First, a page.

5. Tree-top reading lounge - A new reading lounge punches through an existing brick wall on level one and extends out over a previously unused courtyard. The reading lounge is specifically orientated & configured to offer views towards the nearby Darebin creek green belt and wetlands. Flexible & translucent staff areas encourage teacher and student engagement. Through the use of a curtain divider, a more transparent & sometimes blurred visual & spatial barrier is created. Similarly, curtains are used as informal screening devises to create flexible teaching & study areas. When a private class is required curtains may be pulled shut. At other times the curtains can be pulled open for the area to be used as a large open study area during lunchtime and after school.
A 'grand' reading-room area for larger class and study groups, sits in contrast with a series of 'nook’ areas where students can hide-away, immerse themselves in the library and read alone. The library contains a series of Forum spaces for smaller, more intimate student reading, study groups and area for one-on-one teaching. The library supports both traditional reading and digitalised plug-in learning.
Painted dark grey and lined with strip LED lights, a series of existing zig-zag trusses are celebrated, creating a improved sense of space which previously was cluttered & segregated from the upper level of the library.
The book stacks are placed on the upper level of the library in reference to the books being the 'Trinita dei Monti Church' at the top of the Spanish steps and the external courtyard as the 'Piazza di Spagna' at the bottom of the steps.
A carefully chosen colour and material palette was selected to reflect and complement the courtyard artwork, engaging with the Australian outback, an important icon of the St Monica's college philosophy.
Moments of the colour orange are used throughout in fabrics, paint finishes and bench tops to link back to the external courtyard artwork. The courtyard artwork or mural was designed and painted by myself [Brad Wray] with the help of my wife - Ellie Farrell. It is an abstraction of the Bungle Bungle national park viewed from an aerial perspective. It is the second time now I have been fortunate enough to simultaneously take on the roles of both architect and artist on a project. The painting was completed out-of-hours, after work and on weekends over a 3-month period.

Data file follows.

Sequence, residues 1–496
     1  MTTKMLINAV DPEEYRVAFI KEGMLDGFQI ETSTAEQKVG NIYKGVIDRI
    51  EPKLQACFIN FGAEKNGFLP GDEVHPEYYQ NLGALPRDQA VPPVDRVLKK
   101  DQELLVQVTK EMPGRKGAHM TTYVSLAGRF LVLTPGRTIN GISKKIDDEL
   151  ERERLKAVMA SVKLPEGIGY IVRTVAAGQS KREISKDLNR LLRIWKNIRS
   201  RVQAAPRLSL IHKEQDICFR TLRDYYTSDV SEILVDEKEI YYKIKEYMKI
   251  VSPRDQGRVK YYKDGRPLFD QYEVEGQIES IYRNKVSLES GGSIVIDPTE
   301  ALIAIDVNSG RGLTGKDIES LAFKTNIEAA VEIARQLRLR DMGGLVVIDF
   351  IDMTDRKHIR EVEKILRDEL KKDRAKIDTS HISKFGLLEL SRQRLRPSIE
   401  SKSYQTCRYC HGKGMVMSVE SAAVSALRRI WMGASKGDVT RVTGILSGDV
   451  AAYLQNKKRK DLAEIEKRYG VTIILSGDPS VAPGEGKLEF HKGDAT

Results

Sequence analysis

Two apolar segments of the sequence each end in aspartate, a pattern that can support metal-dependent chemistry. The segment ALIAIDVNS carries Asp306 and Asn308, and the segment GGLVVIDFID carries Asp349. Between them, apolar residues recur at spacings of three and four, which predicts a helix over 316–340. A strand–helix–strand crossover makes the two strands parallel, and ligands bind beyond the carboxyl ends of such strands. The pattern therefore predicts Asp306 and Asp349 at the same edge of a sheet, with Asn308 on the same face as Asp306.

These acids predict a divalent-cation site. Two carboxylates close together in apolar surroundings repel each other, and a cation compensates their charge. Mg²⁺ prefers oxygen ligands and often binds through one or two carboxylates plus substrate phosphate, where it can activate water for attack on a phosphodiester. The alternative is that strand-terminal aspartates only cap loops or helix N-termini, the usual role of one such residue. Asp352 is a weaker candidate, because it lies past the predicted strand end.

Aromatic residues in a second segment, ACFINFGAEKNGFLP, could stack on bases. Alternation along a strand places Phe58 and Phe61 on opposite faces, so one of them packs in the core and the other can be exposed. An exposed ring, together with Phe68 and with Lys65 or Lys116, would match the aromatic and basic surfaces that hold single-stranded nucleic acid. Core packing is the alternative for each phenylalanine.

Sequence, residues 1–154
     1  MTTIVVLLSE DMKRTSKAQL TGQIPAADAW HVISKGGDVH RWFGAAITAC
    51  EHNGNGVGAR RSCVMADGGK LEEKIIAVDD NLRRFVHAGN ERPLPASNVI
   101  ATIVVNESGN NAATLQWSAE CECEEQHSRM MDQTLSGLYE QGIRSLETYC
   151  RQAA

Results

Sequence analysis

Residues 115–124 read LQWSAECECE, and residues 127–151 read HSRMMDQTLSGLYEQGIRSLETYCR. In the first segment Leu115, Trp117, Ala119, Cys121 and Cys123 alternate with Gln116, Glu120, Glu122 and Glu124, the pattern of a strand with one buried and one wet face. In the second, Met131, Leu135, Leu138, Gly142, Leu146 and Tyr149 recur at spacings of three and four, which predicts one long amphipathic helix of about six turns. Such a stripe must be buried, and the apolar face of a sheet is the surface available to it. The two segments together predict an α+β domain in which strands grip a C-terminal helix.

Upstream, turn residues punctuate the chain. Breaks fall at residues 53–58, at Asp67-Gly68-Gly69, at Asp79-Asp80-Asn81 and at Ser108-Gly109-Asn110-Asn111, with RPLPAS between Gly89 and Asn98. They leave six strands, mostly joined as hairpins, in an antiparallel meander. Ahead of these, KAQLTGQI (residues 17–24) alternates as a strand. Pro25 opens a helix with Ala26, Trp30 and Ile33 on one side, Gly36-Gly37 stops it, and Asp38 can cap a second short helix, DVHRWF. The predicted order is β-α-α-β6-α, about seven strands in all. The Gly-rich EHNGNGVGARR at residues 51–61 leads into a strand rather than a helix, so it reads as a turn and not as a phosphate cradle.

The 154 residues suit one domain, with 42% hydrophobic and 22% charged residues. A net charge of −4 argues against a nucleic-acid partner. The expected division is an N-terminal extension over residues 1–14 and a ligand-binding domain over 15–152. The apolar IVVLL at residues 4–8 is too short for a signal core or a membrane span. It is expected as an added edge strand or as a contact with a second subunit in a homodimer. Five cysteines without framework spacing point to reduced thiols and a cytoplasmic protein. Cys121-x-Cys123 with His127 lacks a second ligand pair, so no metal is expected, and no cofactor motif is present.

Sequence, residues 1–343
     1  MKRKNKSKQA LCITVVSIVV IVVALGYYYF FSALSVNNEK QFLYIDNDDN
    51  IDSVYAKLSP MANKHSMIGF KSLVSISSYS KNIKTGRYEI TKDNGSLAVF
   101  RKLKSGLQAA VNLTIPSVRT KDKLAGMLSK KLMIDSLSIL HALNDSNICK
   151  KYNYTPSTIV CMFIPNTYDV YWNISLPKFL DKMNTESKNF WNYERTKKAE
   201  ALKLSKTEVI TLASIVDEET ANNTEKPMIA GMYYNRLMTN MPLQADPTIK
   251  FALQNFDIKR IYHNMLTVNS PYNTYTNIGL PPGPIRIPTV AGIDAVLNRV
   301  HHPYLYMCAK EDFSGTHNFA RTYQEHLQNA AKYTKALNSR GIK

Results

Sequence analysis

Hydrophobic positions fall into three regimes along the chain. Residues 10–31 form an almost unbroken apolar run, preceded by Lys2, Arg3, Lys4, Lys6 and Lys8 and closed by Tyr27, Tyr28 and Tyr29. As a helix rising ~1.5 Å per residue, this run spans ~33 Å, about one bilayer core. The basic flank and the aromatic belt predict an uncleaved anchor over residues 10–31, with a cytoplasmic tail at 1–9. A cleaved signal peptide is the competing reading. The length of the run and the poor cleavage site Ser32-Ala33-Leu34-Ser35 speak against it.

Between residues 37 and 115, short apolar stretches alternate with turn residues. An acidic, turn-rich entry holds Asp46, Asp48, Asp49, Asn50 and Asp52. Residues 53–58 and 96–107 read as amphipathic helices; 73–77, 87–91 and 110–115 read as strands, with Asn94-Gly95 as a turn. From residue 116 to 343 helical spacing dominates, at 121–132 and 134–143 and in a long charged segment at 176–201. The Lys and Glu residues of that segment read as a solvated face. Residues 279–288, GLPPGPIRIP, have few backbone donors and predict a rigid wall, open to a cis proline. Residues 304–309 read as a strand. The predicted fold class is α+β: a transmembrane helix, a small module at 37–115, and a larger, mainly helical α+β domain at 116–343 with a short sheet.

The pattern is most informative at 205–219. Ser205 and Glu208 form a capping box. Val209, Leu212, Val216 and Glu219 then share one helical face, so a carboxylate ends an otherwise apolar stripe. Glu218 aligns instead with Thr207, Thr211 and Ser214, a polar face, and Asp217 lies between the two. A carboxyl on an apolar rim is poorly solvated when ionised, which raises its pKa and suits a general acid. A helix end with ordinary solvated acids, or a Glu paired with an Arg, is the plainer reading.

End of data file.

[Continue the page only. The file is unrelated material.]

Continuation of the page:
Plywood was used generously throughout for its durability and practicality. The schoolyard is a place where wear and tear is common and plywood is a material whereby scratches and scuffs could add to the patina of the material. Often the embedded grain within the plywood ceiling, wall and joinery panels bare reflection with some of the forms and textures outside on the nearby grey gums. Vertical natural timber battens, in collaboration with black stained plywood cladding, promote a visual connection with internal and external spaces. The shadow-clad external plywood cladding references the black and grey tones of the nearby grey-gums. Vertical, Victorian ash timber battens reference the vertical nature of the tall grey gums nearby.
The extension is almost completely hidden from outside of school grounds. Situated amongst the tree canopies with only a small glimpse to be seen from a nearby walking track, the new building fabric merges with its surroundings. Internal loose furniture was custom designed for the project and made by a local furniture maker. A series of pendant lights highlight and promote both specific and non-specific areas of engagement within the library.
The project was constructed in two parts. One used a traditional means of contract with a building contractor undertaking the extension part of the works. Whilst the internal works or fit-out, which includes everything from all joinery to the Spanish steps were impressively undertaken by St Monica's College's own internal 'maintenance' team. It has been rewarding to learn from library staff, the amount of borrowing has significantly increased due the opening of the new library.